Wetland policy upgrade
City of Moscow and University of Idaho working together to get water turned back on for the wetlands
The City of Moscow and the University of Idaho have completed a new draft agreement with regards to shared use and access to the UI Wetlands Research Facility.
City Attorney Randy Fife said the agreement recognizes that UI is the property owner of the wetlands and has an interest in being able to use it as an experimental and educational facility.
Moscow stopped supplying water to the wetlands due to regulatory concerns from the Environmental Protection Agency in the fall of 2010.
“Even though it seems the IDEQ (Idaho Department of Environmental Quality) and the EPA knew about the construction of the wetlands and were in agreement for it, perhaps the technical permitting wasn’t complete,” Fife said.
He said because there isn’t a specific and explicit permit that the city or UI has from the EPA, Moscow stopped providing water to avoid subjection to fines and other regulations.
Fife said the city wants to be compliant.
He said the regulations for the type of water used is reflected through a National Pollutant Discharge Elimination System permit. The permit ran out and cannot be amended.
“It’s more complicated than simply amending the permit to allow us to continue putting the water in,” Fife said. “But this is just one step. First thing is we need to make sure that the wetlands will be there and everyone understands how we’re going to use them and then we’re going to approach the EPA to see how we’re going to put water back into the wetlands.”
The university-owned wetlands consist of eight acres of land near the Idaho/Washington border, and were constructed by the Palouse Clearwater Environmental Institute in 1996.
PCEI Executive Director Thomas Lamar said the IDEQ funded PCEI from funding generated from the Clean Water Act.
Lamar said they built the land with the support and encouragement of Moscow and UI. The money was used to excavate and construct the land. He said they also convinced UI around 1997 to discontinue farm operations before the wetlands were constructed. PCEI then turned over the management of the wetlands to UI.
Lamar said since 1997 they have encouraged UI and Moscow to continue to use the wetlands and keep everything functional.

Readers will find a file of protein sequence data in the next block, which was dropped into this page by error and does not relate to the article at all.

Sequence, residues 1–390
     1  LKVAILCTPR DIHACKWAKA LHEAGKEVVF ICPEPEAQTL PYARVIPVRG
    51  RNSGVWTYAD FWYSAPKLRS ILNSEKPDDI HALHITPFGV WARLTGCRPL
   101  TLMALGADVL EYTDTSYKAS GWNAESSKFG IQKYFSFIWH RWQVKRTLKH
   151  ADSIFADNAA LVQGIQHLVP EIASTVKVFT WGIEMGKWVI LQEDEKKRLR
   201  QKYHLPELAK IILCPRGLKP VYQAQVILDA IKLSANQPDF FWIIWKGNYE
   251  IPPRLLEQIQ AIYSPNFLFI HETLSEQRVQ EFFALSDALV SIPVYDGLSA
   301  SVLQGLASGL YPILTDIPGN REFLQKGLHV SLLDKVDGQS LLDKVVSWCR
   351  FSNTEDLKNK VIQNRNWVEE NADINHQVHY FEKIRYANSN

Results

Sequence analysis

He said the role of PCEI has changed overtime.
“We’ve been functioning as an encouraging force to continue to help make it work,” Lamar said. “Rather than spending thousands of hours of work time as we did in the first couple of years, now we’re just the encouraging force to continue to make it function. It’s a different role, but it’s still an important one.”
City Director of Public Works Les Macdonald has done work with sewer operations within the city, including the wastewater treatment plant located near the wetlands.
“We would like to consider a pilot testing of the wetlands capability to treat for temperature and we would like to lower the temperature of our effluent, potentially,” Macdonald said.
He said this could help make the decision of where the treatment plant goes for future upgrades.
About six years ago, UI Environmental Science Program Adviser Chris Dixon got involved with Women in Science to make the wetlands a UI research site.
Dixon said they have planted about 3,000 native plants, built an observation deck, put up bird boxes and took down a barbed-wire fence that went around it. He said there is still more work to be done.
“We take a lot of classes out there, such as the Environmental Science 102 class and the Ornithology classes,” Dixon said. “It’s no longer Women in Science, now it is called Environmental Revitalization. We try to use it for educational purposes.”
Dixon said the wastewater treatment plant’s problem is the water is too warm.
UI has approved the draft agreement, which the city is supposed to approve next week to turn the water on. Afterward, it will go to the EPA for final approval.
Aaron Wolfe can be reached at arg-news.uidaho.edu